Some more ramblings inspired by How We Became Posthuman (other post is here).

The interface that was to transform us turned out not to be the human/machine coupling, but instead the human/biology coupling, in which the transformation of biological life inside and outside of us is the key.

The Technicolor wonder of the man-as-machine has faded for the integration of man into the world in its entirety. Machines turned out to not be a specific category in the world, just as man was not. Hayles details in her book the late 20th century obsession and anxiety with androids and AI that complicate the boundaries of subjectivity and the human subject. But today, this boundary making just does not seem to be of the same significance, as more and more we come to realize that subjectivity isn’t all it’s cracked up to be. From a materialist perspective, here represented by Jane Bennett in her book Vibrant Matter:

“The philosophical project of naming where subjectivity begins and ends is too often bound up with fantasies of a human uniqueness in the eyes of God, of escape from materiality, or of mastery of nature; and even where it is not, it remains an aporetic or quixotic endeavor.”

And further:

“The story will highlight the extent to which human being and thinghood overlap, the extent to which the us and the it slip-slide into each other. One moral of the story is that we are also non-humans and that things, too, are vital players in the world.”

This is why the machine/man-boundary troubles implied by How We Became Posthuman (and other boundary problems which are prevalent in a lot of STS) is not really going to cut it these days. As Timothy Morton notes in a particularly grumpy blog post on a recent collection of ecophilosophy (Integral Ecology):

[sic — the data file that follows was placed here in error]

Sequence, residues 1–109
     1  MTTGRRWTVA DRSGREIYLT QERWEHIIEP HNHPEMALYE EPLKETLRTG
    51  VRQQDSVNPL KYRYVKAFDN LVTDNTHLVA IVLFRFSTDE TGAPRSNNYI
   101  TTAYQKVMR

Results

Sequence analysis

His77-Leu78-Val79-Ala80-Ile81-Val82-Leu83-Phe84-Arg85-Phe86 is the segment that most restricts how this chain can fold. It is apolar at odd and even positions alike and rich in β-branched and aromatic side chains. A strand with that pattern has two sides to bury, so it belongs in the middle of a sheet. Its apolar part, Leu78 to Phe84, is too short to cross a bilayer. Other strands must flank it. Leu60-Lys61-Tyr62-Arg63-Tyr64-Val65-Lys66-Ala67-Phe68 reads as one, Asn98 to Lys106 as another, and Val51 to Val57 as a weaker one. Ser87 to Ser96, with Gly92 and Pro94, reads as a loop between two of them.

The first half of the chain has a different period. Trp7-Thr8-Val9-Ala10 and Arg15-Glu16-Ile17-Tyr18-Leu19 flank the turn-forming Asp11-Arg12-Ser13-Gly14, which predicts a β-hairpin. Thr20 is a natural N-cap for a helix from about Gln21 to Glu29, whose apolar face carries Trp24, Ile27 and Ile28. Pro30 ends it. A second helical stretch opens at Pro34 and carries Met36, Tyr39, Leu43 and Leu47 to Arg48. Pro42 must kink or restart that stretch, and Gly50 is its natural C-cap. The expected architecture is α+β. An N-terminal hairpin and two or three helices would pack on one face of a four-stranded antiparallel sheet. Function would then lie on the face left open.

“We just don’t have time for another remix of nature and culture […] It’s not a matter of picking and mixing from the best of “Nature” ideas and “Culture” ideas. Let me just level with you for a moment. Here is my very, very condensed version of Ecology without Nature [Mortons own book] for those of you who don’t have the time: The concepts Nature and culture are fucked. Fuck them. It’s over.”

Could not agree more.

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  • Mathias

    Adam.., culture, sure it might be fucked, but nature? Are you talking about nature as a human predicate? Anyways i disagree – nature is only problematic when in correlation to the human subject. And nature must enclose culture. Let’s get real and non-anthropocentrick..! When not analysing these entities from the (oh so tiresome) human point of view, problems frequently tend to disappear..